Home & Office

Spark to install fibre to the premises in street-by-street process

Spark has said it will improve FttP installation efficiency by focusing on upgrading 'one street a week', with customers able to choose the day it is installed.
Written by Corinne Reichert, Contributor

New Zealand telecommunications provider Spark has announced an upgrade program for its customers remaining on the legacy copper network, planning to provide Ultra-Fast Broadband (UFB) fibre upgrades street by street on a faster, more reliable basis.

Calling it the "street in a week" fibre-installation process, Spark said it would improve efficiency following reports that complaints about delays in connecting fibre broadband services have been rapidly increasing.

The telco will initially trial "street in a week" across 400 premises in Nawton, Grandview Heights, and Western Heights in Hamilton this month.

Through the program, customers will be able to select a specific day within a specified week to have their fibre broadband service installed. This will remove the middleman local fibre companies (LFCs), with customers no longer having to enter a queue to be served by these LFCs after placing an order with their retail service provider.

"The current process involves a great deal of 'to-ing and fro-ing' between the customer, their service provider, the fibre company, and the contracting technicians who actually carry out the installation," Spark said on Wednesday.

"It can take several weeks or longer for installations to take place."

According to Spark Home Mobile and Business CEO Jason Paris, the "street in a week" UFB installation trial is expected to yield successful results wherein the process is more streamlined and predictable.

"Spark has been a big supporter of the UFB fibre rollout, with a 43 percent share of the fibre broadband market," Paris said.

"However, while our customers tell us that they love fibre when they get it, the process of getting it installed is often problematic and can involve lots of hassle. For many customers, that can prove a turnoff as the installation process seems just too hard."

Spark added that it is important to move people off the "fault-prone copper", as fibre is more reliable.

"Chorus copper lines are a legacy technology; they are getting older and are increasingly prone to faults," Spark said.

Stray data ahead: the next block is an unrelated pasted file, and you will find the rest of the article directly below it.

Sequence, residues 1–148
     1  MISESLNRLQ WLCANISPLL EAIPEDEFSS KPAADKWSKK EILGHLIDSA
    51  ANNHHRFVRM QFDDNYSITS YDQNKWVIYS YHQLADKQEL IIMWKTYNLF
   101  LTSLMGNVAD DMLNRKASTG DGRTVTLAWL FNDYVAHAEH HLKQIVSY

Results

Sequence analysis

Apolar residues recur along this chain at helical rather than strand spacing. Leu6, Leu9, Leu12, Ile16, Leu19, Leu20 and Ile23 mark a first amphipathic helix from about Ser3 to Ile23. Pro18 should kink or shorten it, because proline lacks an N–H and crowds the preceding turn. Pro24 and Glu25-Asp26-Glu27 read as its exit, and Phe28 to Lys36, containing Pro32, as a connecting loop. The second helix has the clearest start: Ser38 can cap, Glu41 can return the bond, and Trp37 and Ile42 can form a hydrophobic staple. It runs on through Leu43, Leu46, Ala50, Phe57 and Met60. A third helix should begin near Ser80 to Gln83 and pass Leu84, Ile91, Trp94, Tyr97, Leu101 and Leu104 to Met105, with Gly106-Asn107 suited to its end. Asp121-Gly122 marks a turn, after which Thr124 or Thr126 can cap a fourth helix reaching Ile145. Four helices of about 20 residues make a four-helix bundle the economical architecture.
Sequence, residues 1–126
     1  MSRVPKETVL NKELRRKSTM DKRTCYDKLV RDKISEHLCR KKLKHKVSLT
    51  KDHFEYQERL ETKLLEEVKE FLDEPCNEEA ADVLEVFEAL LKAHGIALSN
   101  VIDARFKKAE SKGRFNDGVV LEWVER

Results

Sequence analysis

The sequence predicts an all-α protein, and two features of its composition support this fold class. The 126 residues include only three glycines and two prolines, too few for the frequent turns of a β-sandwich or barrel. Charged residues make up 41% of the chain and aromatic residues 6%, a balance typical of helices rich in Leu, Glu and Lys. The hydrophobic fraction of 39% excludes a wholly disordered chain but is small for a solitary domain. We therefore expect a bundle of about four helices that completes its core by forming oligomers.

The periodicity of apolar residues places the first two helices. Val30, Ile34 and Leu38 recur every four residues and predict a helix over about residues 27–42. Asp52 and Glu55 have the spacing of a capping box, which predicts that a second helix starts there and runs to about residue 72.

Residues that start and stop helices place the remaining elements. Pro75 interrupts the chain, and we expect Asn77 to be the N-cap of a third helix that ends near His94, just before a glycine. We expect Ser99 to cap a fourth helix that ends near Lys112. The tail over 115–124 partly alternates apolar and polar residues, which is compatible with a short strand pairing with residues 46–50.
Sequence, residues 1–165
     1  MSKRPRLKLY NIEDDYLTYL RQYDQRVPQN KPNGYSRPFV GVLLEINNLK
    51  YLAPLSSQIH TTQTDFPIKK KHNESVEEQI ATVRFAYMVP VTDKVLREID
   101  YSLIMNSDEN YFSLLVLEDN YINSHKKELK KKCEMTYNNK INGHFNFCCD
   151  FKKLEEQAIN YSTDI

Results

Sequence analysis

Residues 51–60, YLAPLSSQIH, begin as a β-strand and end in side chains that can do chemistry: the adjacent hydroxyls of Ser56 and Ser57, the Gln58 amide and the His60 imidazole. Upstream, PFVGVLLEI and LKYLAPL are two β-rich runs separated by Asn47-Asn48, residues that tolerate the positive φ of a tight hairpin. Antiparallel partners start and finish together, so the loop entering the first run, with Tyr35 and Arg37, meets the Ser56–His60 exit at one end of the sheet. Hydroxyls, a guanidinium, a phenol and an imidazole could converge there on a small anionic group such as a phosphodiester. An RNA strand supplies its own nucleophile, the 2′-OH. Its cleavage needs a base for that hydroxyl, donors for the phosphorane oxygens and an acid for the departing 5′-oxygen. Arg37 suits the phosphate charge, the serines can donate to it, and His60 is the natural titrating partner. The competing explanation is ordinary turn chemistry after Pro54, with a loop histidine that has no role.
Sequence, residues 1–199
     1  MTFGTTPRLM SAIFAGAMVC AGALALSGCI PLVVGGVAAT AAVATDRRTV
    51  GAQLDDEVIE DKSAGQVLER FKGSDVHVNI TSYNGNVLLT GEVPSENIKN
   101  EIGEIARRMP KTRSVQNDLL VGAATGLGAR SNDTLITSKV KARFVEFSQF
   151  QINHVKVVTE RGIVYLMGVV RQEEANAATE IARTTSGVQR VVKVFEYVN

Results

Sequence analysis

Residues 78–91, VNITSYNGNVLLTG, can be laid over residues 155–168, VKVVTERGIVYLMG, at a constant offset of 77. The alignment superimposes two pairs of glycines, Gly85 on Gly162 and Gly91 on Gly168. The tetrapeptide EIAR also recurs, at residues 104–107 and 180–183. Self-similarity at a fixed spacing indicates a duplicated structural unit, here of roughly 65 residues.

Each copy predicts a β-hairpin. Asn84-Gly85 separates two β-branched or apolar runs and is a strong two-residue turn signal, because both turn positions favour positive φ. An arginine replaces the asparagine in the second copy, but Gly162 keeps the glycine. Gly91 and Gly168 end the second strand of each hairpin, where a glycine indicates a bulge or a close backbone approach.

"Every month, Spark logs around 30,000 requests with Chorus for customers who report faults on their broadband or landline services that rely on a Chorus copper line connection -- and these volumes increase over the wet winter months. It is not uncommon for some unfortunate customers to experience multiple faults within a few months, each requiring investigation by Chorus technicians."

Customers utilising the legacy copper network are more than 50 times more likely to report a fault than those on the Spark mobile network, Kayne Munro, Spark's head of wireless broadband, added.

Last month, a report on telecommunications complaints by the Telecommunications Forum (TCF), made up of telco operators across New Zealand, revealed that consumer complaints about delays in connecting premises to UFB fibre have skyrocketed.

"The typical complaint is that the scheme member signs the customer up to the fibre service with an indicative commencement date. This date passes with no service being connected," the report said.

"It appears that the scheme members, in notifying the installation date, rely on information provided by the fibre installation companies. The installation companies do not then complete the work on time."

According to Consumer NZ CEO Sue Chetwin, third-party installers are unable to keep up with demand.

"Chorus, the infrastructure company that has the major contracts to install Ultra-Fast Broadband ... what they're promising they can't really deliver at the moment -- there's just not enough people to do it," Chetwin explained in relation to fibre connection delays.

"So increasingly, there are complaints about service people not turning up, or shonky installations ... the CEO of Spark just said a week or so ago that frustrated customers were cancelling their fibre contracts due to installation delays. So two-thirds of those who got connected were unhappy with the process."

Chorus last month boasted that it has shortened the length of time that consumers are waiting for their fibre to be connected, from 16 days in the July quarter down to 12 days on average.

Chorus added that customers in Auckland are waiting just six business days for their connections to be made now, with the telecommunications provider attributing the uptick in "fibre productivity" to signing on Visionstream as its primary connector.

Fibre connection crews were also increased from 524 to 552 over the last three months.

Chorus' UFB rollout is now 58 percent complete and will cover 80 percent of the population. It already allows for speeds of up to 1Gbps using fibre to the premises (FttP). The Rural Broadband Initiative (RBI) will provide broadband for 20 percent of the New Zealand population.

The New Zealand government is targeting 99 percent of the population with 50Mbps minimum broadband speeds by 2020, with the remaining 1 percent to have speeds of at least 10Mbps.

By comparison, the Australian government's National Broadband Network (NBN) project will rely on the legacy copper network for the foreseeable future, using a technology mix of fibre to the node, fibre to the basement, and fibre to the distribution point, along with FttP, hybrid fibre-coaxial, fixed-wireless, and satellite.

The NBN will provide 100 percent of the population with minimum speeds of 25Mbps by 2020.

Editorial standards